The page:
Monica White

Associate Professor



Office Location

314 Agricultural Hall
1450 Linden Drive
Madison, WI 53706

Monica M. White earned a Ph.D. from Western Michigan University in Sociology. She is an assistant professor of Environmental Justice at the University of Wisconsin-Madison with a joint appointment in the Gaylord Nelson Institute for Environmental Studies and the Department of Community and Environmental Sociology and is a former Chancellor’s Postdoctoral Fellow in the Department of African American Studies at the University of Illinois-Urbana Champaign.

Her research engages communities of color and grassroots organizations that are involved in the development of sustainable community food systems as a strategy to respond to issues of hunger and food inaccessibility. Her publications include, “Sisters of the Soil: Urban Gardening as Resistance Among Black Women in Detroit” and “D-Town Farm: African American Resistance to Food Insecurity and the Transformation of Detroit.” She is currently working on her first book, “Freedom Farmers: Agricultural Resistance and the Black Freedom Movement, 1880-2010,” which contextualizes new forms of contemporary urban agriculture within the historical legacies of African American farmers who fought to acquire and stay on the land. Using historical and contemporary examples, Freedom Farmers examines the development of farmers’ cooperatives as strategies of resistance, and documents the ways that these organizations, in general, and Black farmers specifically, have contributed to the Black Freedom Movement.

As a result of her scholarship and community work, Dr. White has received several grants including a multi-year, multi-million dollar USDA research grant to study food insecurity in Michigan. She has also received several awards including the 2013 Olsen Award for distinguished service to the practice of Sociology from the Michigan Sociological Association and the Michigan Campus Compact Faculty/Staff Community Service-Learning Award. She was appointed to the Food Justice Task Force sponsored by the Institute for Agricultural Trade Policy (IATP), maintains a highly ranked and reviewed blog (soil2soul) and is highly sought after and has presented her work at many national and international community organizations, colleges and universities.

Author of Freedom Farmers: Agricultural Resistance and the Black Freedom Movement, University of North Carolina Press. 2018.

White, Monica M.  2011. “D-Town Farm:  African American Resistance to Food Insecurity and the Transformation of Detroit.”  Environmental Practice.  Vol. 13 (4).  White, Monica M.  2011.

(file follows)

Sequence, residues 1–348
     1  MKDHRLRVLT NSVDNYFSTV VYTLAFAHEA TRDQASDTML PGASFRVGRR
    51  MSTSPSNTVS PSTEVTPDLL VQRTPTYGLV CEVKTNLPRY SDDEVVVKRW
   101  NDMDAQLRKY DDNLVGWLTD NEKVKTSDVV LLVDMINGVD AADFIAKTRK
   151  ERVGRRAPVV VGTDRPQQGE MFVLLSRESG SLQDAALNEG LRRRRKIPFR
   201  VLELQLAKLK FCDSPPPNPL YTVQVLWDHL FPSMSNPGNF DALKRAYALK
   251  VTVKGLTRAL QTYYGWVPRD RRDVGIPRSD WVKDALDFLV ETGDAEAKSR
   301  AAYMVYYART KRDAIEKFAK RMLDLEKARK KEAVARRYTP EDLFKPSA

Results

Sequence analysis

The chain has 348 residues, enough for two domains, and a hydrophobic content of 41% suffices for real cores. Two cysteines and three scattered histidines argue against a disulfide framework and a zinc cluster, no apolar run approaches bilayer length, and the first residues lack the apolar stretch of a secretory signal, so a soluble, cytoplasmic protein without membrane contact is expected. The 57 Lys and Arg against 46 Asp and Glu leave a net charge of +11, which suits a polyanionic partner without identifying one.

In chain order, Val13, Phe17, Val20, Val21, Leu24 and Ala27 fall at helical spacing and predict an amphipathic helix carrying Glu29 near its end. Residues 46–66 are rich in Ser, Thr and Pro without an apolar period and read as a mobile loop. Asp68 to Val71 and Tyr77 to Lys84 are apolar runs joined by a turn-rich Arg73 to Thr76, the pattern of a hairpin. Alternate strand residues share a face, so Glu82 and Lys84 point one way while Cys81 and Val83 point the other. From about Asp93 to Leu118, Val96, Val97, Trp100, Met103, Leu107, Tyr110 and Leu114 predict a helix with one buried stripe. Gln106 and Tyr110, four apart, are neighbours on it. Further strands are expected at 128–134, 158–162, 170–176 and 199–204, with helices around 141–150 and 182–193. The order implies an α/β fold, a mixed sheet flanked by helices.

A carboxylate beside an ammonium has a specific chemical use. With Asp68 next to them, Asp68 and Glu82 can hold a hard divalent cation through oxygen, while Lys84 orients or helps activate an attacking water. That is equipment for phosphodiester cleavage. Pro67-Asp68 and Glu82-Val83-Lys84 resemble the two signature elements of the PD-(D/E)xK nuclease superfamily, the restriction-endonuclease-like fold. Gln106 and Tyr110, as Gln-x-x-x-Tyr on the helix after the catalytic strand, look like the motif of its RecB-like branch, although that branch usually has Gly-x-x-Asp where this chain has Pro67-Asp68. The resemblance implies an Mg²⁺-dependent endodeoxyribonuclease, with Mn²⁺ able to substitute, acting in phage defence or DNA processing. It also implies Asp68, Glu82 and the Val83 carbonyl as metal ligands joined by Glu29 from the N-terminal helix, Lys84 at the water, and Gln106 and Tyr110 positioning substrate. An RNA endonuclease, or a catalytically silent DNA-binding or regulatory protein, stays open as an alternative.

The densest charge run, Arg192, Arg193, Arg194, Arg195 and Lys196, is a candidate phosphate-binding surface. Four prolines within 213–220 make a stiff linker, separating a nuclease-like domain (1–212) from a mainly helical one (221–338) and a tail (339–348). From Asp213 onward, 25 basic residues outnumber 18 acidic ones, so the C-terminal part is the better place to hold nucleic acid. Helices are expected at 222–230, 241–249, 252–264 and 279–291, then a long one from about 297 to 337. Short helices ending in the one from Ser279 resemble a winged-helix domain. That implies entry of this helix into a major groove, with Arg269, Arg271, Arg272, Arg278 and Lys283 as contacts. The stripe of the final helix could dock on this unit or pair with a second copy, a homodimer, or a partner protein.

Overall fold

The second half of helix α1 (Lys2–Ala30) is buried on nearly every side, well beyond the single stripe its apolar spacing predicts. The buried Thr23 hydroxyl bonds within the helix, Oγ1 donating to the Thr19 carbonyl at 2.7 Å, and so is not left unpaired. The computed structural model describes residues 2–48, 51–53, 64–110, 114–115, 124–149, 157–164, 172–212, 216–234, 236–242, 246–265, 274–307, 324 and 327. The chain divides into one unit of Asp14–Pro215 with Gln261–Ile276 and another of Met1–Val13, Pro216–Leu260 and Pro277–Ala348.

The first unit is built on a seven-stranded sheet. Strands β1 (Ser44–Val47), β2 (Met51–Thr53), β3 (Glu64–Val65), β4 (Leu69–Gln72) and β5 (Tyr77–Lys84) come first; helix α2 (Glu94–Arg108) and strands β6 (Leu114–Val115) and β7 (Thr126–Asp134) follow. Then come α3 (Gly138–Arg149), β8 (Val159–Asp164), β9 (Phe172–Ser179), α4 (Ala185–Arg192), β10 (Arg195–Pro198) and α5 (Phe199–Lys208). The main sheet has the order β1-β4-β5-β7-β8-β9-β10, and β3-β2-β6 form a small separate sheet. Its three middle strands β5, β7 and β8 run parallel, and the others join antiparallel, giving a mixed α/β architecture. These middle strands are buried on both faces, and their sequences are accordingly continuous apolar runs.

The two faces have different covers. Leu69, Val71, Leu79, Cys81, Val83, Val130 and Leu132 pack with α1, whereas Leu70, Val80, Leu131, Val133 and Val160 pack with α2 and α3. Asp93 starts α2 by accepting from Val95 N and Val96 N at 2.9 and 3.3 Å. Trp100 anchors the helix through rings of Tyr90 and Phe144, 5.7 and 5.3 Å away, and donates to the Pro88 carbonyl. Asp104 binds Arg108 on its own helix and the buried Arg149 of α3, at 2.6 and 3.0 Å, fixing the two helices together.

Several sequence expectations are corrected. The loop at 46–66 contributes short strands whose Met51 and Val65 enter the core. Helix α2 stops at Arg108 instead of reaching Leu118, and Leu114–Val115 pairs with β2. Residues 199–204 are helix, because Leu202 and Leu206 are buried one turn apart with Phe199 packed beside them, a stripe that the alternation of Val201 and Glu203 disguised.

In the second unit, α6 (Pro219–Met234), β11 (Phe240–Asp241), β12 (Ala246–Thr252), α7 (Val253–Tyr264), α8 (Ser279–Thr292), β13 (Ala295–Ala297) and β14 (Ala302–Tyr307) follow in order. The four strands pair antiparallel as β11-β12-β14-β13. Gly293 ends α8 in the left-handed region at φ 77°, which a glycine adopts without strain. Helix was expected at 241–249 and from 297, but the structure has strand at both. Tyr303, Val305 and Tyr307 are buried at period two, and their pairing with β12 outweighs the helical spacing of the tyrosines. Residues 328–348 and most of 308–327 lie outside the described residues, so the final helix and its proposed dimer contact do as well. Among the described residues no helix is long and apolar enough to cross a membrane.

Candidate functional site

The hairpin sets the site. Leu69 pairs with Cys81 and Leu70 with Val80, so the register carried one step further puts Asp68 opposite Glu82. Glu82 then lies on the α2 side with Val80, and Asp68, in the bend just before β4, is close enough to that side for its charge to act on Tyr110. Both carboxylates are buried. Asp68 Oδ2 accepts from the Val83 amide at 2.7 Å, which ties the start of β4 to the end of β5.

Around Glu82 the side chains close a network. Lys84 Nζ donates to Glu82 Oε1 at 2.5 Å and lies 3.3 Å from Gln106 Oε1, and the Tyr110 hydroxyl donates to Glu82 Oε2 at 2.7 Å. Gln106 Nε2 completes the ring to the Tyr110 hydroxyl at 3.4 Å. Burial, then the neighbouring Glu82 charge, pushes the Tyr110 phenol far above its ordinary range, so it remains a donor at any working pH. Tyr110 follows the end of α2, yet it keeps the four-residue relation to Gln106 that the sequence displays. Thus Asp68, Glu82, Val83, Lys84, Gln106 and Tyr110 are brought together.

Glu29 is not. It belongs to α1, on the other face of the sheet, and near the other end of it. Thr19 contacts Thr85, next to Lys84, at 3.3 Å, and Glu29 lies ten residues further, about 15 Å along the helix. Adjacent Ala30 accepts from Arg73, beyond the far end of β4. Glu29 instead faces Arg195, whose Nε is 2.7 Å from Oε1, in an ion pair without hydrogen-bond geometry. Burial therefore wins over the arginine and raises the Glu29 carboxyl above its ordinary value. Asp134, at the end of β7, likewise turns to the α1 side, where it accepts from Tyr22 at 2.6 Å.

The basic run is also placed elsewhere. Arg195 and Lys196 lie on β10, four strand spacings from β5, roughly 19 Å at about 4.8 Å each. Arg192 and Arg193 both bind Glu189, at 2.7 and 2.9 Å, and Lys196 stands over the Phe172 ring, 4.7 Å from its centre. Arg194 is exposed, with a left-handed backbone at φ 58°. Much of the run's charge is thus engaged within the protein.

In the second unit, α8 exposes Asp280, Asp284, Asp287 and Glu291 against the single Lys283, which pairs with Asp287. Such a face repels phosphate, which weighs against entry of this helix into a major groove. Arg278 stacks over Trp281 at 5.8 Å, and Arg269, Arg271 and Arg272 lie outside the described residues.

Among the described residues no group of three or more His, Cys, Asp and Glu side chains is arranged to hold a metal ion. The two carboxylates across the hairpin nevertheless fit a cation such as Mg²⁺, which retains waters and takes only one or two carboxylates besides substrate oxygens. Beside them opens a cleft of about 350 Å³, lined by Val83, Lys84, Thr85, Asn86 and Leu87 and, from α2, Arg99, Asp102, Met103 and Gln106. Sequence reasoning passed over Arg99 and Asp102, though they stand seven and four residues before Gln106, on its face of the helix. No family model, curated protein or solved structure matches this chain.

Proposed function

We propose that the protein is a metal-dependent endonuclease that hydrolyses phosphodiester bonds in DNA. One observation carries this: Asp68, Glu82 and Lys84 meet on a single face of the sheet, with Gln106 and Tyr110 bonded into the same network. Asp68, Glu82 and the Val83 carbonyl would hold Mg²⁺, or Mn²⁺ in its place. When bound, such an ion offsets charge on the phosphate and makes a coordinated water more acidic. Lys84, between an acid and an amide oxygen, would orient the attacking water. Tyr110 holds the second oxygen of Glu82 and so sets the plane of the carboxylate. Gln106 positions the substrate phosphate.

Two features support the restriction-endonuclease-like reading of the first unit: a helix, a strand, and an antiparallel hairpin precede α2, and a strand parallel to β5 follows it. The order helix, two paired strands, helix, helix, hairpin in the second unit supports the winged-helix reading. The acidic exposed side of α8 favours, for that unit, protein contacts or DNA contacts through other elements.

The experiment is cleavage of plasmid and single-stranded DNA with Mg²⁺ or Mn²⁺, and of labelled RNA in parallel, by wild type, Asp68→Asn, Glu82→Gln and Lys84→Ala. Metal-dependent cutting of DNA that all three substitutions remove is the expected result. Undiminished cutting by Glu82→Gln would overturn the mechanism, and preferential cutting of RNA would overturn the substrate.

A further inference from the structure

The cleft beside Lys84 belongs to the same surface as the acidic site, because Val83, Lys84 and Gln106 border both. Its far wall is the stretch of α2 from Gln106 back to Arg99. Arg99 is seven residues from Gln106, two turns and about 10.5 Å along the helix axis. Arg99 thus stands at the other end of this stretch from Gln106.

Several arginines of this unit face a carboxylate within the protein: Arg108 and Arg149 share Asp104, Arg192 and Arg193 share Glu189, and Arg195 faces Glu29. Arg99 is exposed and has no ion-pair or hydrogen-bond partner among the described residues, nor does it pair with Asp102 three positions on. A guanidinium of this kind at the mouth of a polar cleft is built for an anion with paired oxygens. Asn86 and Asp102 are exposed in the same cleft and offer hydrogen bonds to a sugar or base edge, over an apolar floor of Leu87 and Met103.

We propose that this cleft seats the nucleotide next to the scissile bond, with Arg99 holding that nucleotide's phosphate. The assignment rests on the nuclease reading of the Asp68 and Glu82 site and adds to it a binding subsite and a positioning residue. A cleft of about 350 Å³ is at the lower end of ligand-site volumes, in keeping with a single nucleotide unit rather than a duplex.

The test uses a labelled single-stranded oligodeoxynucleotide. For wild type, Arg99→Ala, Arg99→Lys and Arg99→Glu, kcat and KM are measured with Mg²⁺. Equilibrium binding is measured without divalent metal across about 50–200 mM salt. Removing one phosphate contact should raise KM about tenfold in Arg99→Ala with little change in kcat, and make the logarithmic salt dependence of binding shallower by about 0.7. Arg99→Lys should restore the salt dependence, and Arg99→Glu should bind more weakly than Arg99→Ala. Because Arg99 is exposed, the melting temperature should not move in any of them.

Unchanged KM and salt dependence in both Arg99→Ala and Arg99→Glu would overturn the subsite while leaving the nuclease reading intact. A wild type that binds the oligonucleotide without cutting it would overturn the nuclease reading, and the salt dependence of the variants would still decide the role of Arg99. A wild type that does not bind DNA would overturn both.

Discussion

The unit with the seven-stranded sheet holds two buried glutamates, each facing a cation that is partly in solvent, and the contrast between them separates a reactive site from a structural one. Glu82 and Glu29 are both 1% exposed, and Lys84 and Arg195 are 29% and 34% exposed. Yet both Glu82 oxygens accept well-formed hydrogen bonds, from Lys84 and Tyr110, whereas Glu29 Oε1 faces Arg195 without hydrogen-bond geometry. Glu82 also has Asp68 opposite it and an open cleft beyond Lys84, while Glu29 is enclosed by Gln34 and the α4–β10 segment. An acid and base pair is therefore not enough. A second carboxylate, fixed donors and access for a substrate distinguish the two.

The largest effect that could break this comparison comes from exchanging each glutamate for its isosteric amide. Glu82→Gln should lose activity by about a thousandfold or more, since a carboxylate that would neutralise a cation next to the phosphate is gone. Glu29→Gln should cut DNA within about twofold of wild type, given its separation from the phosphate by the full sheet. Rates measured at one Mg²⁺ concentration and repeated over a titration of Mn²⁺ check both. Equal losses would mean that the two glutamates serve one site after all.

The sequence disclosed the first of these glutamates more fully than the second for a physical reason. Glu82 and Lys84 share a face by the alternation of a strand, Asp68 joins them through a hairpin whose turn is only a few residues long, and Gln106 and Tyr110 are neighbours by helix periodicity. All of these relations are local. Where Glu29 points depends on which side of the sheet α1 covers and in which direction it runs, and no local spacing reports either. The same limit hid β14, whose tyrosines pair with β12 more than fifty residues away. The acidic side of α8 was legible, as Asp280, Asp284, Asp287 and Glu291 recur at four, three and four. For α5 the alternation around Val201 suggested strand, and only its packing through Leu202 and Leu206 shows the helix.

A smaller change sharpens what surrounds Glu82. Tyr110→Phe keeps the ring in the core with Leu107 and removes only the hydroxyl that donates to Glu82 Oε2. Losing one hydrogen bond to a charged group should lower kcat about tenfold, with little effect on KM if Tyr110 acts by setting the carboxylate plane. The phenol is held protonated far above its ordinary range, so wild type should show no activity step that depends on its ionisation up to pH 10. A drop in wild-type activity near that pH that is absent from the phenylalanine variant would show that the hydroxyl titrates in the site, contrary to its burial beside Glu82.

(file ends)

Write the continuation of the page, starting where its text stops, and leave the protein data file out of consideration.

“Sisters of the Soil:  Urban Gardening as Resistance in Detroit.”  Race/Ethnicity:  Multicultural Global Contexts. Race/Ethnicity:  Multicultural Global Contexts.  Vol. 5 (1). White, Monica, M.  2010.

“Shouldering Responsibility for the Delivery of Human Rights:  A Case Study of the D-Town Farmers of Detroit,” Race/Ethnicity: Multicultural Global Contexts, Vol. 3 (2):  189-212. White, Monica, M.  2009.

“Familial Influence in the Autobiographies of Black South African and African American Women Activists.”  Michigan Family Review, Vol. 10 (1):  27-44. White, Monica, M.  2003.

Manuscripts in Progress and Under Review

White, Monica, M. “A Journey to Liberation:  Culture of Resistance and Mobilization in the Newsletters of the League of Revolutionary Black Workers.” Under Review at Critical Sociology.

White, Monica, M.  “Cultivating Justice:  Teaching, Research, and Community Engagement Through Urban Gardens.”  Under Review at Teaching Sociology.

White, Monica, M.  “Planting Seeds of Resistance, Harvesting Change: Race, Gender and Farming in Detroit.” To be submitted to International Social Science Review.

White, Monica, M. “The White Elephant in the Community Garden: Race, Whiteness and the Urban Gardening Movement in Detroit.” To be submitted to Mobilization.

Chapters in Edited Volumes: Race Struggles

White, Monica, M.  2009. “Socio-Psychological Processes in Racial Formation:  A Case Study of the Autobiographies of Former Black Panther Party Members,” in Race Struggles, edited by S. Cha-Jua, T. Koditschek, & H. Neville. University of Illinois Press.

Courses Taught

  • Critical Race Theory
  • Cultural Anthropology
  • Deviant Behavior
  • History of the Black Freedom Movement
  • Introduction to Sociology
  • Individual and Society
  • Research Methods (General and Qualitative)

Lecture Topics

  • Social Movement Theory
  • Food Systems
  • Urban/Community Agriculture
  • Black Feminist Theory
  • Public Sociology
  • Environmental Sociology
  • Critical Race Theory
  • History of the Black Freedom Movement
  • Transnational Resistance
  • Racial and Activist Identity Formation

Winner of the 2020 First Book Award, Association for the Study of Food in Society

Winner of the 2019 Eduardo Bonilla-Silva Outstanding Book Award from the Division of Race and Ethnic Minorities Section of the Society for the Study of Social Problems